Lightning struck the Sahara desert about 15,000 years ago, and left a sign of its presence behind. The heat from the lightning reached a little over 1,800C and melted certain elements in the soil until they fused together. This solid form, called a fulgurite, most often shows up in sandy soil, or soil with a lot of quartz. It's not unusual to find fulgurites on beaches, or in deserts. It is unusual to find one that is 15,000 years old.
Scientists can use a technique called thermoluminescence to figure out when these fossils of lightning were created. Fulgurites are crystals with a lot of crags in them. Even seemingly perfect crystals have imperfections. These imperfections trap things. Sometimes those things are electrons. Electrons are careening throughout soil more than we like to think, because there are naturally occurring radioactive elements everywhere. In the dirt, there are certain sources of ionizing radiation - radiation that rips an electron off other molecules and especially water molecules. These electrons get stuck in crystalline structures at a steady rate. When the crystal is heated, it glows, and that glow depends on the number of electrons within it. More electrons mean more glow. More years in the dirt mean more electrons. By observing the thermoluminescence of a fulgurite, scientists can figure out when it was created.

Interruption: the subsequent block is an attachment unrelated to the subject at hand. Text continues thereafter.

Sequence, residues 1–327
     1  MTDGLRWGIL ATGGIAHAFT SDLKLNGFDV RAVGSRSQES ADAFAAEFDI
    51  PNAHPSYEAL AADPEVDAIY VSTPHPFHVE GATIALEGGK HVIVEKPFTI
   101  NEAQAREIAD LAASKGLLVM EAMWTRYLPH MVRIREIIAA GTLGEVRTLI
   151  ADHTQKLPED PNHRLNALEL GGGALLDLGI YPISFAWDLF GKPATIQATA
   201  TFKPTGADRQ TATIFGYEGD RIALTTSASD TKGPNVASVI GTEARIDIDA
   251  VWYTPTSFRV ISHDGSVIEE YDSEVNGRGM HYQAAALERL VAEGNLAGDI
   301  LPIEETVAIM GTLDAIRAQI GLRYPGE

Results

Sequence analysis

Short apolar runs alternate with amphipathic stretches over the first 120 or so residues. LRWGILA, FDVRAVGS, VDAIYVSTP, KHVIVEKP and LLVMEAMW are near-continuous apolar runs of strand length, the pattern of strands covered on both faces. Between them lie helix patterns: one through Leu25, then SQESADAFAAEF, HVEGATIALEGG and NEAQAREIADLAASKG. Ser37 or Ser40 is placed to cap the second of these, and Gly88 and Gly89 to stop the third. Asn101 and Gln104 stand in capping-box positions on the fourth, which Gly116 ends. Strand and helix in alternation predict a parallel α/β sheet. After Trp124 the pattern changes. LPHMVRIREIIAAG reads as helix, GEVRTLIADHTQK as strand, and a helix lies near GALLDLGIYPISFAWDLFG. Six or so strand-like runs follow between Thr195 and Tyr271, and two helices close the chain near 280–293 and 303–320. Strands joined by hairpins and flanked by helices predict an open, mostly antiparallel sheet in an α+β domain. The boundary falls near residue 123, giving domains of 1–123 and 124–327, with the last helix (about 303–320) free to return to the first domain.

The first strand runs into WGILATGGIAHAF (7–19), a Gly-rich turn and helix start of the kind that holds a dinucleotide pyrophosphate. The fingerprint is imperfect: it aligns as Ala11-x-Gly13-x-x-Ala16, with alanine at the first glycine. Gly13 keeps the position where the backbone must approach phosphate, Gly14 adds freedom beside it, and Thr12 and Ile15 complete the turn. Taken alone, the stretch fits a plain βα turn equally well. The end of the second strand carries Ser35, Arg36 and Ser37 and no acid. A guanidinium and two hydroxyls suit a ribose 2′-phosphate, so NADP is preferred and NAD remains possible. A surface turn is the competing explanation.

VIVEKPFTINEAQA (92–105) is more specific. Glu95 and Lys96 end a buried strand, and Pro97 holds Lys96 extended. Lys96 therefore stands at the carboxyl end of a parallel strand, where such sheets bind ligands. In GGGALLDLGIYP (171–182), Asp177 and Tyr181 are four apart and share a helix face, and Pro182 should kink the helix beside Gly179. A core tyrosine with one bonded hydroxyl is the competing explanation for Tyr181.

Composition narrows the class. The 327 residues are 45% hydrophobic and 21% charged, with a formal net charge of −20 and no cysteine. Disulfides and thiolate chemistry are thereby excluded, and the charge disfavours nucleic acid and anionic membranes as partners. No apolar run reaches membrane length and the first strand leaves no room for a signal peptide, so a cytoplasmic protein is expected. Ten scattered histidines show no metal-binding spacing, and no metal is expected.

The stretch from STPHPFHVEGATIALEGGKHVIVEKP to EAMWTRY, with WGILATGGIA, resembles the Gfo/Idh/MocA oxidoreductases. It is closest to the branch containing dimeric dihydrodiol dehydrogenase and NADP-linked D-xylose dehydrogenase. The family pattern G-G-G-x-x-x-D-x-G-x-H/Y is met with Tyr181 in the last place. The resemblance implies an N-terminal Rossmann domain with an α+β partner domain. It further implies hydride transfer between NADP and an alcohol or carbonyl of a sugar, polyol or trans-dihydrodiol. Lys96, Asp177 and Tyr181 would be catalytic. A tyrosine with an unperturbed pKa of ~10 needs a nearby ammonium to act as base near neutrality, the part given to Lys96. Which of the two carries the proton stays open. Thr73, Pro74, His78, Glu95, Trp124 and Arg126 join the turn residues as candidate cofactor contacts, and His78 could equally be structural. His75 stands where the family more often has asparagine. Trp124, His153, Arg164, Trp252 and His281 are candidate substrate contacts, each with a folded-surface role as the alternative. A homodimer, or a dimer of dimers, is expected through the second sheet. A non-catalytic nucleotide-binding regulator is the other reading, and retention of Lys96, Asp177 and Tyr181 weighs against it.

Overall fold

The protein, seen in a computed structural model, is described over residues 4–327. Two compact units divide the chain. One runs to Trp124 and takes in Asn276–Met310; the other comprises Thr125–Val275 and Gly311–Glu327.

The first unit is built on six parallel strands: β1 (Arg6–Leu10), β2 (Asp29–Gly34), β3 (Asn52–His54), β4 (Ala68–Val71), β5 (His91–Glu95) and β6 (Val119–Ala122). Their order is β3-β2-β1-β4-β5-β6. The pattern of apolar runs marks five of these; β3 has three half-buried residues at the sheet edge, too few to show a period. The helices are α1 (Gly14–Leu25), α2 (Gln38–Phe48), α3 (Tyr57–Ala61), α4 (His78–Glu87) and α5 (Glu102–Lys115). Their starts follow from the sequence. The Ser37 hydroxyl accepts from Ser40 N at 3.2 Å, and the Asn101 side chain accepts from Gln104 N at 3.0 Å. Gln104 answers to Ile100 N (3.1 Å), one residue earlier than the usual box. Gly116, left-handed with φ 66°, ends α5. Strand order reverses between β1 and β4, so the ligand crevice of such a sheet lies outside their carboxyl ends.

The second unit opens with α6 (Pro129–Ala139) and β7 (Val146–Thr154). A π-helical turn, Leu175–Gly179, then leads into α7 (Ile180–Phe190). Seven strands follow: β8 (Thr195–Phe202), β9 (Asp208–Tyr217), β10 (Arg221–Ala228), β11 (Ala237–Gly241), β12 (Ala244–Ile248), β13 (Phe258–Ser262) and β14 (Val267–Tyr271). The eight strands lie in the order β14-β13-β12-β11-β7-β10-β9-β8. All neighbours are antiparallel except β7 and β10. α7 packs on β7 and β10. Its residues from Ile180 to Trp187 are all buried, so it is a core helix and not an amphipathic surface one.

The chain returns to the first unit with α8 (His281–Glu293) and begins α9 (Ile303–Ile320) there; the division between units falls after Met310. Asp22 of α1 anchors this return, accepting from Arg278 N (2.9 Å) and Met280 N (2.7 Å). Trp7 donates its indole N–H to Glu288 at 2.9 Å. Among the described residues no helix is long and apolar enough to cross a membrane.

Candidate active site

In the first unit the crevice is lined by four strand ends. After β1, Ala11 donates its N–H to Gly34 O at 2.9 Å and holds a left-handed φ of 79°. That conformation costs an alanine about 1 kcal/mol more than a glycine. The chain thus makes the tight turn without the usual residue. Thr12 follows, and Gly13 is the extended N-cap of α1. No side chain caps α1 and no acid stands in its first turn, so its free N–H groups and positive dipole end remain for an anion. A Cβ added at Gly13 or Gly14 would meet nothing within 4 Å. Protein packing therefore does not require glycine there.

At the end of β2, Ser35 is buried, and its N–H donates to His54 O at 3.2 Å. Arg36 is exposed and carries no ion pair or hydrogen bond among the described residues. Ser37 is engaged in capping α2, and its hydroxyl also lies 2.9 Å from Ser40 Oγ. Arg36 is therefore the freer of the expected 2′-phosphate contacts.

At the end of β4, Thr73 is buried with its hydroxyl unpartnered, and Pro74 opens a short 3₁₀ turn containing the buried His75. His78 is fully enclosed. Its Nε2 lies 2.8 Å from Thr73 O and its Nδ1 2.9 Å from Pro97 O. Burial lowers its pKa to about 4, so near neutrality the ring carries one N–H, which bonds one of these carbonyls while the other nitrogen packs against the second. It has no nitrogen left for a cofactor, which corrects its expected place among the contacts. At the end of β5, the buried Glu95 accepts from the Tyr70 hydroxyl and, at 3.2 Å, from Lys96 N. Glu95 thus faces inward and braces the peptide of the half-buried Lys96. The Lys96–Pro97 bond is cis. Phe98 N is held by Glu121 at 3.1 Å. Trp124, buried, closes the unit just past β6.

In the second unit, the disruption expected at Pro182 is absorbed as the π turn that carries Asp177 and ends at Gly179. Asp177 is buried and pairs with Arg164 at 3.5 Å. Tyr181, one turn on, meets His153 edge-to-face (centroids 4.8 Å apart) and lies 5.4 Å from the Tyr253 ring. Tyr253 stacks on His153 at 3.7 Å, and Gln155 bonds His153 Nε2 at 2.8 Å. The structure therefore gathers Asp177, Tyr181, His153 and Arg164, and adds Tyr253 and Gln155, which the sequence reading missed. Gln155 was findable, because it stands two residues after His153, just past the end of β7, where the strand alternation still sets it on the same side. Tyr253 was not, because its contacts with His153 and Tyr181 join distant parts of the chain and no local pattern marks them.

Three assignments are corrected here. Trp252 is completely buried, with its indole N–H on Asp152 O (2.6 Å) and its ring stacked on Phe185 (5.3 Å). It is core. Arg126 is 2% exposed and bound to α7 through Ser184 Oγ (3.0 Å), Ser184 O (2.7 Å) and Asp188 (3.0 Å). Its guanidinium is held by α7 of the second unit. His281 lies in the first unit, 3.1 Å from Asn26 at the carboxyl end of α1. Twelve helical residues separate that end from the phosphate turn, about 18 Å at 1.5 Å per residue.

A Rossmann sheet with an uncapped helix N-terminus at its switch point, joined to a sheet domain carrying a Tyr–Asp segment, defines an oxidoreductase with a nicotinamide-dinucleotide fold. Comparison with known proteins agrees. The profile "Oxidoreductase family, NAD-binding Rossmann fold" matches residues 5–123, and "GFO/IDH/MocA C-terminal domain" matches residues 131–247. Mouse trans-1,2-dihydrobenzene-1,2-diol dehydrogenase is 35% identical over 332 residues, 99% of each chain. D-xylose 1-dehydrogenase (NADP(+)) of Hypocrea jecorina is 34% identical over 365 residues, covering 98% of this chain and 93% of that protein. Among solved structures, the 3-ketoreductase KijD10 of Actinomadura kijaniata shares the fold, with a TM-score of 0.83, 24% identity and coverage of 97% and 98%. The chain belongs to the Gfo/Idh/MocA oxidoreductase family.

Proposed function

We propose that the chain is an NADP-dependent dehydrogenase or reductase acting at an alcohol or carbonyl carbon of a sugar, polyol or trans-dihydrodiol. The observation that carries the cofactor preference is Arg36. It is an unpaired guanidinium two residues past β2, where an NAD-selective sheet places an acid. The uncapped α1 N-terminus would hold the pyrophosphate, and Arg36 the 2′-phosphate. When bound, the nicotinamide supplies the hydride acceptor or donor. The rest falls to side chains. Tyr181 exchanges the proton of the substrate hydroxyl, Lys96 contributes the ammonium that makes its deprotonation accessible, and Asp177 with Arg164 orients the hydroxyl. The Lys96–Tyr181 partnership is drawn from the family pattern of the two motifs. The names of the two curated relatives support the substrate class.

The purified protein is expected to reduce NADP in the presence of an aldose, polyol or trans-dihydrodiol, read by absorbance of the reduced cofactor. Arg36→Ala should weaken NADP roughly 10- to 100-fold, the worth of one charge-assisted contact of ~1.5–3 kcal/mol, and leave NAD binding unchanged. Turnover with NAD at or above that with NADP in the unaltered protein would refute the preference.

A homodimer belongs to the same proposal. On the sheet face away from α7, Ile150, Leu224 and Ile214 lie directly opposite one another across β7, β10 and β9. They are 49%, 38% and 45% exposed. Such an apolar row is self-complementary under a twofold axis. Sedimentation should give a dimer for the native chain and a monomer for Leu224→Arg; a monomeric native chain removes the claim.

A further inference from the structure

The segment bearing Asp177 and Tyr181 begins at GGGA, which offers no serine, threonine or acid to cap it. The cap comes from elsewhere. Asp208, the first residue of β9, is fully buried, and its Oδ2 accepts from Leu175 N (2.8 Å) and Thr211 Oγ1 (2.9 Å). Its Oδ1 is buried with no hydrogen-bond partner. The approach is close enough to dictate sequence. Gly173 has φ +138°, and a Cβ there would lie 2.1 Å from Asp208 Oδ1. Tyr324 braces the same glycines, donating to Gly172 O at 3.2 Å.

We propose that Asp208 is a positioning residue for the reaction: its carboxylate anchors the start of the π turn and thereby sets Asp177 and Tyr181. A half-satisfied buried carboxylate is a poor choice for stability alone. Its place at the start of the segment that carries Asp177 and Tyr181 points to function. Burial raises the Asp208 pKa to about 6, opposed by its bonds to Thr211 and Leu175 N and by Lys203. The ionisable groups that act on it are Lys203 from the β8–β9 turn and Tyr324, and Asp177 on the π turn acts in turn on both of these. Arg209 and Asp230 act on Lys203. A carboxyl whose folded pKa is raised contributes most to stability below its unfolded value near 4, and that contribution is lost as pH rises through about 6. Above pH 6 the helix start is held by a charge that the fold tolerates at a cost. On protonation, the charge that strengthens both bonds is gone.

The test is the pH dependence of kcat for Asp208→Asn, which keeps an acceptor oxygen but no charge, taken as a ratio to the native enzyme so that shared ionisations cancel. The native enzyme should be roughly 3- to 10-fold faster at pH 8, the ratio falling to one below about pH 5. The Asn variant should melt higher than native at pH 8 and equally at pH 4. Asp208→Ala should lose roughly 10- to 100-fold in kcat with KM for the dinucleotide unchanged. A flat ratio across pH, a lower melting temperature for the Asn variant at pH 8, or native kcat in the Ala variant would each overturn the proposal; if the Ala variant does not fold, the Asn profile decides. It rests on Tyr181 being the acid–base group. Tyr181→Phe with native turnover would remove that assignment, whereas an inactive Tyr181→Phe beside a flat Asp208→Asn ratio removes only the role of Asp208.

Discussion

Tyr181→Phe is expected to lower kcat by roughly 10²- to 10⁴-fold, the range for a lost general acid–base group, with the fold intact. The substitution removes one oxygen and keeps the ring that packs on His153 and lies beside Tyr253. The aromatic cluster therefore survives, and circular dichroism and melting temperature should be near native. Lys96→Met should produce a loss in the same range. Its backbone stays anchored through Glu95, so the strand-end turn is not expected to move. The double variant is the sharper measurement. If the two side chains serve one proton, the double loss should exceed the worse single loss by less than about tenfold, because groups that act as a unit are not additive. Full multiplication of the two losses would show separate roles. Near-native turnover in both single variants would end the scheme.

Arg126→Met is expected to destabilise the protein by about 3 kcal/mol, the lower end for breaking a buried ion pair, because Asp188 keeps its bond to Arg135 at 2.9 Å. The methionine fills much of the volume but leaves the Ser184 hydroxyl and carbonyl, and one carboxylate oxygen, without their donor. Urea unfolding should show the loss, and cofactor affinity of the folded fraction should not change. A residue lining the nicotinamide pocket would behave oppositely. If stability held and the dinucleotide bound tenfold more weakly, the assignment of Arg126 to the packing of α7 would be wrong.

What's more, they can sometimes figure out what environment it was created in. Sometimes fulgurites contain tiny bubbles. Those bubbles trap gas that was frozen in them thousands of years ago, at the time of the fulgurite's creation. The gas contains not just atmospheric molecules, but the carbon that came off the plant life around the fulgurite. The 15,000-year-old fulgurite contained carbon from the shrubs and grasses that once must have covered a much wetter Sahara. All it takes is the fossil of a lightning bolt, and scientist know what the Sahara looked like fifteen millennia ago.